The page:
The toxicity of PolyGraph materials was studied using in vitro testing with alveolar macrophages. As the lung is the main target of concern in relation aerosol exposure, a respirable fraction of the test particles was generated using methodology developed within the project. Bulk and respirable powders were assessed for cytotoxicity, oxidative stress, pro-inflammatory effects and effects on cell migration. Cytotoxicity and oxidative stress analysis showed similar trends where, for many particles, the bulk fraction showed low toxicity whilst the respirable fraction showed much higher toxicity. The reason for this is not known (full mechanistic analysis would need to be undertaken), however particle size could be considered a possible explanation. The bulk phase contains a much more heterogeneous mix of particles including particles far too large for the macrophage to effectively engulf. This means that the cells may receive a lower internal dose than would occur when exposed to the same mass dose of smaller particles. Analysis of inflammation and migration identified the PolyGraph GFN to be relatively benign, with behaviour seen to be similar to that of low toxicity carbon particles. It is evident that further studies are required to study the relationship between the physico-chemical properties of GFN and their associated toxicological responses.
Whilst a significant amount of exposure and contextual data was gathered across seven partner site visits, common themes across the sites were identified and used to consolidate key findings. These contained information on control measures, cleaning and waste disposal, elemental carbon analysis, aerodynamic sizing, persistence potential of platelets and issues surrounding material feed. Whilst results were variable across individual sites it was clear that those activities involving the handling and processing of GFN in powder form presented the highest risk of release and exposure. For activities conducted in the open workplace, existing LEV systems (e.g. flexible trunking or other extraction systems) were not seen to be capable in containing release and preventing migration into the surrounding work areas. Where GFN had been released their low aerodynamic properties may present an issue of persistence where theory suggests that these platelets could remain in the surrounding air for days and weeks after completion of activities, presenting a potential longer-term exposure risk. Analysis conducted during composite processing identified that release of GFN is not considered likely once the material has been dispersed within a polymer matrix.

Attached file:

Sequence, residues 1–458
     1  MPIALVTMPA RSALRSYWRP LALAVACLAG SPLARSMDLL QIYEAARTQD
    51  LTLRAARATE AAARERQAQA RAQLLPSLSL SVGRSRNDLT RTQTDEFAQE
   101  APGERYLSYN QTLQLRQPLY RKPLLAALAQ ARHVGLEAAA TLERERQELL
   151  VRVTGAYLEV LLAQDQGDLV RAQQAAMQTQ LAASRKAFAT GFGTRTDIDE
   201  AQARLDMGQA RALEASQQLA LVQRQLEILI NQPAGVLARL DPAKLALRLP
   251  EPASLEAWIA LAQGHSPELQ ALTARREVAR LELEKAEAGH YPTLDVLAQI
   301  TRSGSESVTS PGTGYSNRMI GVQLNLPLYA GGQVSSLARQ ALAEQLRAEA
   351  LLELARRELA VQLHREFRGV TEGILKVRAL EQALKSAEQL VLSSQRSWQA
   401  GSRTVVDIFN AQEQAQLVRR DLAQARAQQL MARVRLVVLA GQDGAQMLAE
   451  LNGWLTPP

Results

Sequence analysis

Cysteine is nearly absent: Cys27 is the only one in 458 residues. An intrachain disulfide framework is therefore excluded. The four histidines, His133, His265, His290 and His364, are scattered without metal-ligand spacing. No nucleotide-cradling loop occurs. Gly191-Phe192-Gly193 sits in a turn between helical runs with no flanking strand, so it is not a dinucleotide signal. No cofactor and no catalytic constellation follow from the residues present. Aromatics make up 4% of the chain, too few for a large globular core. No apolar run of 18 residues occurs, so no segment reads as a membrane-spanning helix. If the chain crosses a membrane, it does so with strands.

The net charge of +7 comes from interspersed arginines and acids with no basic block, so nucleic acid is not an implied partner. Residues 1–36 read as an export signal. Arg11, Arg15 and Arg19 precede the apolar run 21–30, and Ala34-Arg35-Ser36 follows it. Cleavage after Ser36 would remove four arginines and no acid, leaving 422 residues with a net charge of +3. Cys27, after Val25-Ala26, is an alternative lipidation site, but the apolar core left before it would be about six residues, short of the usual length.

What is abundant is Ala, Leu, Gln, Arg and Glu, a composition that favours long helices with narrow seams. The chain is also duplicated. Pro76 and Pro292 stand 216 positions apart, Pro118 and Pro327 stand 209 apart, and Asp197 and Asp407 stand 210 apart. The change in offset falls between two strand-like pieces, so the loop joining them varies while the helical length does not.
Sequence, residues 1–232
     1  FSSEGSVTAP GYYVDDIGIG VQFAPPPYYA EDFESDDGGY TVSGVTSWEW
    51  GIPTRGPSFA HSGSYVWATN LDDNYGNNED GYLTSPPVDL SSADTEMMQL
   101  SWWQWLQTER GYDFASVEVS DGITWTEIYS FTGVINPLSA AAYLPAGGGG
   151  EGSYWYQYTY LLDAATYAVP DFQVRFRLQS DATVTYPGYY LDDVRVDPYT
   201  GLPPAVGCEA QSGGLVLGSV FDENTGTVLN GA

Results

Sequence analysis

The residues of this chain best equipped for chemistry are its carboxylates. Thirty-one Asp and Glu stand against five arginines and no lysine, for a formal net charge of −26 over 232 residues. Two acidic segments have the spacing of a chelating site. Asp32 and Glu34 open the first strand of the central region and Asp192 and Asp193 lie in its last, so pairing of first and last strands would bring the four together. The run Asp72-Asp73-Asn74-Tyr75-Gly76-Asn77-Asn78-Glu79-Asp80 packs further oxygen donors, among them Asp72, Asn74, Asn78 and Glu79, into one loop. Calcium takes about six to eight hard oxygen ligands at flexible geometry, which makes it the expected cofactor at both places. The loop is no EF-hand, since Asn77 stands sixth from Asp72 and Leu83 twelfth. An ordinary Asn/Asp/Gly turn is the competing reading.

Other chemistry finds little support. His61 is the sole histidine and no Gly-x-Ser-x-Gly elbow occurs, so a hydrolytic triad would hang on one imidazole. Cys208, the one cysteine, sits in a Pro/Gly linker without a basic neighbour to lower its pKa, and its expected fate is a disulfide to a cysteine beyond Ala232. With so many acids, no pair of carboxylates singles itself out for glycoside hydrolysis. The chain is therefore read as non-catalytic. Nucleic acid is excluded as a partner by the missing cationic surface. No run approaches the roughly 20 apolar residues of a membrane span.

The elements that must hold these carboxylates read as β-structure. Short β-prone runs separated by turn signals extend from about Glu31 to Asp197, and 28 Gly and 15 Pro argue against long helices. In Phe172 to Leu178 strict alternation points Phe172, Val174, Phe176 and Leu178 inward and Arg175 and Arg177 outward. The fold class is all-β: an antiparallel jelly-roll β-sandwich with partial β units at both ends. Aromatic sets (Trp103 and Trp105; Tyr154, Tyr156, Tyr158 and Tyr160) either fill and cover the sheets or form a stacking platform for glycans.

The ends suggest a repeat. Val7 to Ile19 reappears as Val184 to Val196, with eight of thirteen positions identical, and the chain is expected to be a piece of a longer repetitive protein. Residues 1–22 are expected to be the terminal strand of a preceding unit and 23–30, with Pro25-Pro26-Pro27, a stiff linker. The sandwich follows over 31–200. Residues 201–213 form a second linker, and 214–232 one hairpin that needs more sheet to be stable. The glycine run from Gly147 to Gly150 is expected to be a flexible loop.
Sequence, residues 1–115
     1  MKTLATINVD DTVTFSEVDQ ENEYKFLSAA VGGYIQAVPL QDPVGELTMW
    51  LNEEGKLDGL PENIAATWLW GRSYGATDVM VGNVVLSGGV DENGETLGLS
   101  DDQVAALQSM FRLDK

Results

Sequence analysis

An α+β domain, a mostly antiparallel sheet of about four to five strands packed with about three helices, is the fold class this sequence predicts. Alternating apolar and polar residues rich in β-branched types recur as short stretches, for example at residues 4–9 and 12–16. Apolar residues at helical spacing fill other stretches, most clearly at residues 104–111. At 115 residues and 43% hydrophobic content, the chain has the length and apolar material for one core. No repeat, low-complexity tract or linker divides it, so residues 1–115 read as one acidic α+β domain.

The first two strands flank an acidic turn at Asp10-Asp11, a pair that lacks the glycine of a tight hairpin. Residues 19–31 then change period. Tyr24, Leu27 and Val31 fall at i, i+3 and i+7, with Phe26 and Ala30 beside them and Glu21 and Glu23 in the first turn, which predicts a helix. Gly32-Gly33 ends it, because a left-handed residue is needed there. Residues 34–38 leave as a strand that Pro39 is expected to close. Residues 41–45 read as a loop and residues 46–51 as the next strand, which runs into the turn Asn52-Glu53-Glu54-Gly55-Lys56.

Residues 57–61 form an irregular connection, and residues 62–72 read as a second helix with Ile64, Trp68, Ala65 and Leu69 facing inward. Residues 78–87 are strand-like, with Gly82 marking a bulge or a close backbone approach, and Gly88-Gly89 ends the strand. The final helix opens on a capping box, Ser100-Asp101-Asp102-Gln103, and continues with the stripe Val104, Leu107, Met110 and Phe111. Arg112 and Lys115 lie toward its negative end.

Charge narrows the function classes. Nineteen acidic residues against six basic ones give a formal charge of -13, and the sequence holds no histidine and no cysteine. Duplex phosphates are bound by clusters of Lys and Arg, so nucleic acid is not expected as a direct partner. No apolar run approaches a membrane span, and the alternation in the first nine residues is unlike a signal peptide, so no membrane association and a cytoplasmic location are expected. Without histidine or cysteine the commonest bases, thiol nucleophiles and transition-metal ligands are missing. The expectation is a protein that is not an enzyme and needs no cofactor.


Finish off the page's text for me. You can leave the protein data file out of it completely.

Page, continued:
With question marks remaining on the potential toxicity of GFN, combined with no current Workplace Exposure Limits, it is recommended that effort be made to assess, control and prevent release, and exposure to respirable GFN in the workplace.
The LCA results show that the service life of the demonstrator parts (the use phase of the life cycle) has the highest environmental impact by far. The coating and adhesive parts had lower overall impacts than their references, but the composite and steel rear seat back panel had roughly equal overall impacts. Looking solely at the formulations, the additional material needed to meet the mechanical and electrical performance requirements of the adhesive increased the environmental impact of the reference formulation compared with the new PolyGraph formulation. The exfoliated material used in the coating formulation had the highest impacts in most categories due to the CO2 emissions when producing the starting material. When comparing the steel rear seat back panel to the composite, the steel has much less impact in all categories due to the lower level of material processing.
More information about the outcomes of PolyGraph, including contributions from other project partners, can be found on the project website.Back to news listing